Documents of Oregon's Indian Tribes
Prepared by Tom Stave, University of Oregon
The public documents of Oregon's nine federally recognized Indian tribes display the characteristics of both national and state or local governments. They often have treaty-like features because of the sovereign status of tribal governments; but they also resemble documents of cities and counties because tribal governments deal with very local communities and issues. The following is a list of some major categories of public documents of Indian tribes. It is based largely upon an examination of documents of the Confederated Tribes of the Warm Springs Indian Reservation. No library has a comprehensive collection of these documents, but significant holdings may be found in the libraries of the Bonneville Power Administration and the Columbia River Inter-tribal Fish Commission.
1. Treaties. Treaties concluded before 1883 established the basic framework for the relationships between Indian tribes and the U.S. Government, and many still apply today. The basic compilation of treaties is volume 2 of Indian affairs: Laws and treaties, compiled Charles J. Kappler (GPO: 1903- .)
2. U.S. Laws. U.S. laws form another important part of the complex legal relationship between these sovereign nations. Kappler's volumes (above) contain laws enacted prior to 1971; later laws, such as the Indian Gaming Regulatory Act, are found in standard compilations such as the U.S. Code (especially Title 25) and the Statutes at Large.
3. Tribal-state compacts. Agreements between tribal and state governments have been used to manage such matters as law enforcement, natural resources, social services, and gaming. The Governor's Office negotiates and maintains these agreements for the State of Oregon.
4. Federal documents. The views of Oregon's Indian tribes are often expressed as testimony before Congressional committee hearings, and as contributions to such federal projects as environmental impact statements.
5. Constitutions. Constitutions provide the basic legal structures and assumptions for tribal governments.
6. Tribal Laws. Under their powers of self-government, tribal councils enact laws that may also be supplemented by regulations. The Warm Springs Tribes, for example, have a "Law and Order Code" that includes these sections: civil actions, probate, domestic relations, offenses, sentences, juvenile code, and traffic code.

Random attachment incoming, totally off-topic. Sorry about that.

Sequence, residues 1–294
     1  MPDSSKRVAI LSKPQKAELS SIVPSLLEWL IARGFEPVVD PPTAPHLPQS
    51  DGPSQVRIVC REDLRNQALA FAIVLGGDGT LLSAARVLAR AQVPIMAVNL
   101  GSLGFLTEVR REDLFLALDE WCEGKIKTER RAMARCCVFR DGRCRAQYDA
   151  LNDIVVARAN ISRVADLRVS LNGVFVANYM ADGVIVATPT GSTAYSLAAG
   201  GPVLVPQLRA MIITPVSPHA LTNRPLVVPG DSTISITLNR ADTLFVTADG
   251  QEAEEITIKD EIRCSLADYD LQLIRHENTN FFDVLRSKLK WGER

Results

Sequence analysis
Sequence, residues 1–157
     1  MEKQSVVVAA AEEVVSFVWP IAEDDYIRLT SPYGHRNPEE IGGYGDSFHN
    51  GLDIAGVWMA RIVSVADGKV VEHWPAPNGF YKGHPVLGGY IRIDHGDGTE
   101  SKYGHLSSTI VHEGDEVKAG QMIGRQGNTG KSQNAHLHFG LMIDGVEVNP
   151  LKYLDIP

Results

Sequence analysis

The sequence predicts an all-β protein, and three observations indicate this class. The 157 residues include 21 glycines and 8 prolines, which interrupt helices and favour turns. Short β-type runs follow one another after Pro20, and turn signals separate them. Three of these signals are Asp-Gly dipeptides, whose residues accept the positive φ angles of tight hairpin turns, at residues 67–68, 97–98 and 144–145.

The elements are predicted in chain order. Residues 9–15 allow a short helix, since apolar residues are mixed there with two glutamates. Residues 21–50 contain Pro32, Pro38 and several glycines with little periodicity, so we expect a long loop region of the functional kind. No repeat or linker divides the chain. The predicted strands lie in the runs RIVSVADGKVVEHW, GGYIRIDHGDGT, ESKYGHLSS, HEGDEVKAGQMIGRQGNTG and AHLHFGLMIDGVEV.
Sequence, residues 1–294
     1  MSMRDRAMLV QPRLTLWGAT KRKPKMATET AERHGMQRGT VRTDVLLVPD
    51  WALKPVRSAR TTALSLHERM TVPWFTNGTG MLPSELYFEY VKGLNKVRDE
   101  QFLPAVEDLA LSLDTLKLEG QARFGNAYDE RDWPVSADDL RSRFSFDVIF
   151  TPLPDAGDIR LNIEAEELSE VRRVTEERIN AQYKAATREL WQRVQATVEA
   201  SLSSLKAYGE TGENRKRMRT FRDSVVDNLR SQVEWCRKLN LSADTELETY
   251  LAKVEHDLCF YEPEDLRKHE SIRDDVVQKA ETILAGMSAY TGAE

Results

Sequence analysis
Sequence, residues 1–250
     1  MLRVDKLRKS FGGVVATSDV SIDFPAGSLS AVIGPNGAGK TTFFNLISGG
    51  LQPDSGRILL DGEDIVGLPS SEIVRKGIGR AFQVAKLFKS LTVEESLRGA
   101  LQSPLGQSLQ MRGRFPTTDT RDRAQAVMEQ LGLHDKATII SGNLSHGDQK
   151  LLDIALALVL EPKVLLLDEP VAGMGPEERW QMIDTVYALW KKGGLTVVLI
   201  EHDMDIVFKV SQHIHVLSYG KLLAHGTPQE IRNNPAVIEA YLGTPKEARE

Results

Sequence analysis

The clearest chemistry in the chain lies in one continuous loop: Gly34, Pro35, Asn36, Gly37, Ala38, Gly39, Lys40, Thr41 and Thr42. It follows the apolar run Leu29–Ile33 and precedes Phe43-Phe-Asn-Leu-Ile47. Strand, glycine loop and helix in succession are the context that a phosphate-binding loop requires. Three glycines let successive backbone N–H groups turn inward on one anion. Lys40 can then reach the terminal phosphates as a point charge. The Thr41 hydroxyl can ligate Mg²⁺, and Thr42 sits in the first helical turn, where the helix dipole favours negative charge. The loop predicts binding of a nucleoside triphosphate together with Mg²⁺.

7. Legislative records. Meetings and decisions of tribal councils are documented in the form of agendas and minutes.
8. Annual reports. Reports of tribal governments' activities and finances are issued on an annual basis.
9. Budgets. Annual proposed budgets are a good source of information about tribal activities, priorities for the future, and accomplishments of the previous year.
10. Planning documents. Most tribal governments have produced comprehensive land use plans, economic development plans, and other more focused planning reports. These documents are frequently revised, and may have occasional amendments.
11. Environmental documents. These may be produced solely by tribal governments, or may be written in cooperation with federal or state agencies such as BPA, EPA, or various public lands agencies. Forms vary, and include environmental impact statements, integrated resource management plans, and studies of specific issues like salmon, timber, or water resources.
12. Newsletters. Several tribal governments produce newsletters, usually on a monthly basis.
13. Web sites. A number of Oregon's tribes have established official web sites:
Confederated Tribes of Siletz Indians:
In addition, two Northwest inter-tribal organizations have established web sites:
And the Bureau of Indian Affairs' web site contains information that is both general and tribe-specific: http://www.doi.gov/bureau-indian-affairs.html. Note: The BIA web site is currently unavailable due to pending litigation.
|Documents Interest Group of Oregon. A roundtable of the Oregon Library Association. Last updated on November 5, 2007|